A few years ago, in the middle of the most heated, long-simmering, agonizing public situation I’ve ever been party to, a woman lobbed this doozy at me:
You aren’t God, you know.
My initial response skewed heavy toward the snark (in my own head… or more accurately, much later in the shower—which is where I generate my best after-the-fact-comebacks): Whew! Thank God. My to-do list just got a helluva lot more manageable then.
Then I moved quickly into full scale-character assassination (hers, not mine—and still, fortunately, in my own head).
But, here I am, years after the fact… and it’ll pop back into my head: you’re not God, you know. It happens kind of randomly. But, honestly, most often when I’m writing.
And then, once I’m all aboard that train, I think about my second favorite barb tossed to me by the mom with a daughter the same age as mine: Oh, yes, Jane your perfect child.
Huh. Well, that sarcasm smarts a bit.
Look, I’d love to dismiss both comments with an tsunami sized eye roll. But I can’t do that… because BOOM! They just show up in my head unannounced. Then, I feel like I need to make those little barbs some tea and invite them for a little chit-chat. Because clearly I’m supposed to do something with both these comments—neither of which were meant to be kind.
I subscribe to two schools of thought:
- Everyone is my teacher.
- I’m not going to take wholesale criticism from someone I wouldn’t ask for advice.
Which really is to say that I don’t have a neat answer to this, even thought I’ve spun it round & round in my head. I do know that I’m an external processor… and that I’ve already processed things (for the most part) by the time I share them in writing. The people closest to me see the messy process. And maybe I should be more transparent that things aren’t always easy, and right & wrong isn’t always apparent. Not everything is as packaged to perfect proportions as my essays can seem to be.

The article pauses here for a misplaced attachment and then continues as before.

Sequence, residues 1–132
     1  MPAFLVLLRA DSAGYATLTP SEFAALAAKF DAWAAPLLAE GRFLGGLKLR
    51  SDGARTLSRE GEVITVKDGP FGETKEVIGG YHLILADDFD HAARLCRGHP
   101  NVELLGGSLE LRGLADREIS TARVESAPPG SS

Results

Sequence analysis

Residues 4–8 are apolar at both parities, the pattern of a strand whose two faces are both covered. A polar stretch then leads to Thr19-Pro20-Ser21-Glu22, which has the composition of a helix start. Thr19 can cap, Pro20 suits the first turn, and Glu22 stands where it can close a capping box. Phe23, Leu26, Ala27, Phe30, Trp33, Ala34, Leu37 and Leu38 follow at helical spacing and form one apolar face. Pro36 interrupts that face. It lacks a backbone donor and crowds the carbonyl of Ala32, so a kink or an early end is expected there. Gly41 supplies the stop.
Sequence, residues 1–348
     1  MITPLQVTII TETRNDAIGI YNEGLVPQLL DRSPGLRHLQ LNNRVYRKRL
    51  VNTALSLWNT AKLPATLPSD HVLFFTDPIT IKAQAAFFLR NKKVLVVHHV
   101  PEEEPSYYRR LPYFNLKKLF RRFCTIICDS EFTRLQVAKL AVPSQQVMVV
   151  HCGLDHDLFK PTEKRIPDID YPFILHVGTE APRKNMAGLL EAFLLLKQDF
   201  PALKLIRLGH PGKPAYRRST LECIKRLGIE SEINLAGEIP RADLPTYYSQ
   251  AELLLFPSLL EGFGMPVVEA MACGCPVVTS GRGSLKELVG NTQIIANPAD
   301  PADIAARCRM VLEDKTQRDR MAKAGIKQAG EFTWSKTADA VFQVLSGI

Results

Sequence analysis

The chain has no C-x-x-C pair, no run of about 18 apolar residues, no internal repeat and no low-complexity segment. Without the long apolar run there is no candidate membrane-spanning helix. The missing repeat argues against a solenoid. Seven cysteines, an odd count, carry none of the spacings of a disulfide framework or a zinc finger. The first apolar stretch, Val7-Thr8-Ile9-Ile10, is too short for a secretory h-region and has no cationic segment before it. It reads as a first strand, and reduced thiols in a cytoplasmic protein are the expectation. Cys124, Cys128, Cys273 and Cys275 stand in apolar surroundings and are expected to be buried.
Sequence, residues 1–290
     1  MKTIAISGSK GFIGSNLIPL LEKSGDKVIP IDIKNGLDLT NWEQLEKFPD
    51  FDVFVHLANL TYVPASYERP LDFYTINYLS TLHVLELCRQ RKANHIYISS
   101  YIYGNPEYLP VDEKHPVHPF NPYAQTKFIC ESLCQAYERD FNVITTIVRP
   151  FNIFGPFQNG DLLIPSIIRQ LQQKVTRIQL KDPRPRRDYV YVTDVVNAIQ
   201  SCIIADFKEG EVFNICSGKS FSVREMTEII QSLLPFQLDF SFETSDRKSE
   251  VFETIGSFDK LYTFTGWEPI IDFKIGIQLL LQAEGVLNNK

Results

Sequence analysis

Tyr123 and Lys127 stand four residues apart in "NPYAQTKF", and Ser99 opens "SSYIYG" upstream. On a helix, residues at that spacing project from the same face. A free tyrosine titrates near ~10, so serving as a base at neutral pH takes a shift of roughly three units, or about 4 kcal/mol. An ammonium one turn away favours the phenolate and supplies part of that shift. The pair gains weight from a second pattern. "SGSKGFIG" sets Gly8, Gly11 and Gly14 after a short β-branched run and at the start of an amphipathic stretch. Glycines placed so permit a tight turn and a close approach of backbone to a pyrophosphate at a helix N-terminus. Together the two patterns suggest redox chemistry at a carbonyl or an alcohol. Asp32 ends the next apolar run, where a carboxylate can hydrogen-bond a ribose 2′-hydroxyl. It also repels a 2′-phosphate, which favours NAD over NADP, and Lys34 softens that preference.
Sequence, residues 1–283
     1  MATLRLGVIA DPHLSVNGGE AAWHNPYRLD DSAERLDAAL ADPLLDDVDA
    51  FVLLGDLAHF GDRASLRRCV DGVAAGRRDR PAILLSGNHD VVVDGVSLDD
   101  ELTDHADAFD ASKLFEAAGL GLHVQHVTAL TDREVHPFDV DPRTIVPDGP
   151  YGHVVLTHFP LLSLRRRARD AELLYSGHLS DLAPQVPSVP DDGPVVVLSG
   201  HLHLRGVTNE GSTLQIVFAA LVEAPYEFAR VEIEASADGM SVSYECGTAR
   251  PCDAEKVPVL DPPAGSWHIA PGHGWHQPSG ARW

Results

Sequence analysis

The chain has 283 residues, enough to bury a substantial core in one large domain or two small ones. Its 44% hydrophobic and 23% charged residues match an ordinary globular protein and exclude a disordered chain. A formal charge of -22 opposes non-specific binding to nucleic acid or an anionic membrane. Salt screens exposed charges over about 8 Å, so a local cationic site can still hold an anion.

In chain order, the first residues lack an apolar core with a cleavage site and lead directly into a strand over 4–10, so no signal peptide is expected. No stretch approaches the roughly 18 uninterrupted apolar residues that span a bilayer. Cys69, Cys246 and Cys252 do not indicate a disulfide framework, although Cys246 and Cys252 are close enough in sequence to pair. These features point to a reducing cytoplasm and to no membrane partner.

My writing isn’t messier because—to me—that feels like oversharing instead of vulnerability. I can admit when I fucked up. I can share hurt, loss, and fear. But only if there’s a take away—even if it’s as simple as acknowledging that we are all in this chaotic, messy, beautiful life together.
I write because I’m a huge proponent of the power of story.
But, y’all … stories have an arc.
When all I’m doing is dumping despair or anger or hopelessness all over the page—which is sometimes the case—I never hit publish. Because what I want to put into the world is hope (even in the midst of despair), love (even in loss or change or a fuck up of epic proportions), and a genuine joy and curiosity about the world.
I don’t know why the refrain about not being God keeps jumping in my head. But I do know that it’s humbling—and that seems like reason enough to keep it top of mind on occasion.
As for Jane not being perfect, well.. I take issue with that one. Jane IS perfect. All kids are perfect, just the way they are. It us, as parents, that sometimes fall short. Myself included.
Because I’m not God, you know.